Icelandic trombone-warrier, Samúelsson, here leads just about the whole of Iceland’s jazz community through a handful of thumping great grooves. The liner notes state “everybody played pots and pans, clapped, whistled and danced,” which puts one in mind of Sun Ra’s claim that “as all marines are riflemen, all members of the Arkestra are percussionists.” Right enough, this set begins with a communal blast of massed energy, but soon digs deep into the kind of smoking Afrobeat jam more likely to have wafted from Fela Kuit’s Shrine nightclub in the 70s: a rolling juggernaut of dark rhythm carrying lengthy horn solos, dripping with space effects and dubby whooshes. It’s heady stuff. Less convincing, though, is the title track’s cheesy big band funk, crammed full of polished horn stabs that sound uncannily like Ronnie Hazelhurst’s theme to The Two Ronnies. Still, agit-prop cover art and the satirical swipe of ‘International Monetary Funk’ provide a nicely unruly vibe to the set as a whole. Daniel Spicer

Ida Sand The Gospel Truth ACT 9518-2 | Ida Sand (v, p, kys), plus various personnel including Mattias Thorell (g), Thobias Gabrielsson (b), and Andres Hedlund (d, perc). Rec. date not stated As an eight-year-old girl growing up in Sweden, Ida Sand heard the iconic gospel vocalist Mahalia Jackson singing ‘How Great Thou Art’ and was completely transfixed by the immense power of her music. Sand’s third album for the ACT label pays homage to the huge influence that both gospel and soul music have played in forming her own musical make-up. Alongside a sublime duet with singer and guitarist Raul Midón, a cover of Bobby Scott’s ‘He Ain’t Heavy, He’s My Brother’, other highlights include Sam Cooke’s majestic ‘A Change Is Gonna Come’ (featuring special guests Steve Gadd and Joe Sample), Sand’s irrevocably catchy ‘It Is To Know’, plus a surprisingly effective cover of Madonna’s ‘Like A Prayer’. Appearing on a quartet of tracks, the celestial harmonies of a fabulous sextet of backing singers – the ACT Jubilee Singers (including Sand herself) – provide the tasty icing on this particular confection. Signing off with ‘God Only Knows’, one of three tracks featuring the evocative sound of Ola Gustafsson’s lapsteel guitar, Sand’s pitch-perfect delivery really hits the bull’s eye. Peter Quinn

Martin Speake Live at Riverhouse Pumpkin Records PUMPKIN003 | Martin Speake (as), Barry Green (p), Dave Green (b) and Jeff Williams (d). Rec. 17 May 2009 Barnet born Speake’s first set with this quartet, 2008’s Generations, attracted a good deal of admiration, and this second outing – recorded live in the acoustically sympathetic surroundings of Riverhouse Barn on the banks of the river Thames in Surrey – is sure to do the same. Once again the band find themselves improvising around a set of easily recognisable, if not currently over-played, standards: ‘When You’re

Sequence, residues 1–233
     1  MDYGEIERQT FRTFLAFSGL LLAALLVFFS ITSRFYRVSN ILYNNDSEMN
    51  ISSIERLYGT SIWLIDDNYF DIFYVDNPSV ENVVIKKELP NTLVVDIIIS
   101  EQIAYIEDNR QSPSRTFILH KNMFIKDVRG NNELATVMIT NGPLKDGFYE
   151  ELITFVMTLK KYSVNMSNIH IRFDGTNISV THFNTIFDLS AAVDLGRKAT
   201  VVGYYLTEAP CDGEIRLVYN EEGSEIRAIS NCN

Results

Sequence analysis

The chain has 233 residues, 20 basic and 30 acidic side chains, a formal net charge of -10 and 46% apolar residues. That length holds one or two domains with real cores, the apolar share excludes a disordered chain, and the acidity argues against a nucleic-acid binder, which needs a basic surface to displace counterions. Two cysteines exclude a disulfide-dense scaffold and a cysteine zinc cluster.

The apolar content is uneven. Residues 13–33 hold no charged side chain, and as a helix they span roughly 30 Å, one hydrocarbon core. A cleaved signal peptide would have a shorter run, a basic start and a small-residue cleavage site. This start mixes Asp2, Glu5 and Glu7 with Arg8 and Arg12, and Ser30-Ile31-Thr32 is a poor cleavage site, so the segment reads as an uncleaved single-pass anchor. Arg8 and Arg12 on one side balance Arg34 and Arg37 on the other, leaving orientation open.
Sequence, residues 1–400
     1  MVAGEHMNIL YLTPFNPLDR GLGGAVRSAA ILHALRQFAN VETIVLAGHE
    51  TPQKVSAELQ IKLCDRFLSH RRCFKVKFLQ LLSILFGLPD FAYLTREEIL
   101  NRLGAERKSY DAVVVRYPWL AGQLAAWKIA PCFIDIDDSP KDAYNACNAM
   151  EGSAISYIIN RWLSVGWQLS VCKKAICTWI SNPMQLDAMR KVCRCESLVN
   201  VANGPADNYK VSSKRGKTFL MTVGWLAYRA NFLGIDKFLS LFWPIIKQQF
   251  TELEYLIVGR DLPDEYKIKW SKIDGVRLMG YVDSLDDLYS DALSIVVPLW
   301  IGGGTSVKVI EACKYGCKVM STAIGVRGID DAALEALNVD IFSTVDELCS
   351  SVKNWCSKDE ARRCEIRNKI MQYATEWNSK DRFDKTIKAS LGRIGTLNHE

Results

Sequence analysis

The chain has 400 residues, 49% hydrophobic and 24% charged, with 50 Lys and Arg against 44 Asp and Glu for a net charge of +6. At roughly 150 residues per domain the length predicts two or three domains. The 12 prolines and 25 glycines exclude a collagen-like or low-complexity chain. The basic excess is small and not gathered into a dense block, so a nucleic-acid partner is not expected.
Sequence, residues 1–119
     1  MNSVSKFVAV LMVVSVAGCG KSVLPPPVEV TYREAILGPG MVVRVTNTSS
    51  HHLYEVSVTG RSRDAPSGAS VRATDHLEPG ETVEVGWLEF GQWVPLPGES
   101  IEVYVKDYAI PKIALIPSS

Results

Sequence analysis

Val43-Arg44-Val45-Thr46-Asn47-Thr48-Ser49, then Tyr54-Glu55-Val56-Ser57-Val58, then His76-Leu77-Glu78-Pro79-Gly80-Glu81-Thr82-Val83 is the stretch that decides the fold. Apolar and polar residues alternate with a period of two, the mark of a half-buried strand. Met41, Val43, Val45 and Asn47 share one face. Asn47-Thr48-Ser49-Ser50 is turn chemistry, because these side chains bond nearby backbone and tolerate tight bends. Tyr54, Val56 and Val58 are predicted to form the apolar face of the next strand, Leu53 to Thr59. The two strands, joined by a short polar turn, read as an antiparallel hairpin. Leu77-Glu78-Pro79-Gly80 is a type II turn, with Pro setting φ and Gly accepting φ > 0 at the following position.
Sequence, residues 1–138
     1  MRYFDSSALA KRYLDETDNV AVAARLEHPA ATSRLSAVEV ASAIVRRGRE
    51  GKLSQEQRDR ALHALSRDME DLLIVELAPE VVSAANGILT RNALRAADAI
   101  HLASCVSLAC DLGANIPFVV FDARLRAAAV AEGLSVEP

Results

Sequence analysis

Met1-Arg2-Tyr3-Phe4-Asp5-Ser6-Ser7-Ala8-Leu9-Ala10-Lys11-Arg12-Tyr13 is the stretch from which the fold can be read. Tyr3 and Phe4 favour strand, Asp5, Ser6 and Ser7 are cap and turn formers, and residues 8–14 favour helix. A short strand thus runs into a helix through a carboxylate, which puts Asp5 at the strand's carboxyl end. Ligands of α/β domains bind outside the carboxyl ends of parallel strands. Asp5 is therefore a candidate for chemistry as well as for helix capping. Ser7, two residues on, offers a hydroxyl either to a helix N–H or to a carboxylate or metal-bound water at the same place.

Smiling’, and ‘Smoke Gets in Your Eyes’, among others. Speake has introduced little twists to defamiliarise the melodic material somewhat: going into unusual keys and the like. But the main point here is to allow the band to stretch out and express themselves, with Speake leading the way and imprinting the ensemble with a collective 1950s West Coast feel. The rhythm section swings with sensitive poise, while Barry Green’s contributions on piano emphasises the more Bird-like tendencies in the leader’s playing. I don’t think I’ve ever enjoyed ‘Strangers in the Night’ quite so much as here, and the sound quality is splendid. Robert Shore

Viktoria Tolstoy Letters to Herbie ACT 9519-2 | Viktoria Tolstoy (v), Nils Landgren (tb, v), Magnus Lindgren (woodwind), Jacob Karlzon (p, kys), Krister Jonsson (g), Mattias Svensson (b), and Rasmus Kihlberg (d). Rec. date not stated While Viktoria Tolstoy’s previous release, My Russian Soul, paid homage to the music of Tchaikovsky and her Russian heritage, Letters to Herbie pays similarly fulsome homage to the peerless Mr Hancock. From the gorgeously sung ballad ‘Chan’s Song’ to the heart-warming duet with Nils Landgren on ‘Give It All Your Heart’, complete with squelchy bass lines and wah-wah guitar, the singer pulls a variety of terrific interpretations out of the bag. Tolstoy wisely steers away from the oft-covered hits – there’s no ‘Cantaloupe Island’ or ‘Watermelon Man’ – and when you have material of the calibre of ‘Trust Me’, ‘I Thought It Was You’ and ‘Butterfly’ from the classic Thrust – a song recently brought to the fore by Gretchen Parlato – you really don’t miss them. The Gothenburg songwriter Anna Alerstedt pens lyrics to three songs, of which the dreamily outerspacious ‘Chemical Residue’ is a standout, while two non-Herbie songs, Coltrane’s ‘Naima’ and Pastorius’ ‘Come On, Come Over’, round things off in impressive style. Peter Quinn

Trombone Shorty For True Verve Forecast | Troy “Trombone Shorty” Andrews (tb, v), with Warren Haynes, Jeff Beck (g), Lenny Kravitz (b) Kid Rock and Ledisi (v). Rec. date not stated Mr Shorty calls it “supafunkrock”, and For True has all those elements in abundance: if you’re looking for a party soundtrack mixing riotous dance, some inoffensive rap and a little dance floor funk, then look no further. As our own funkin’ ’bone man Dennis Rollins notes, Andrews has gone for the radio friendly, pop sound and he embraces it with a gusto. The man’s a star. It’s all good fun, will scare no horses and is played with an energy that’s positively old school. If the opening ‘Buckjump’

Samúel Jón Samúelsson Big Band

42 NOVEMBER11 // Jazzwise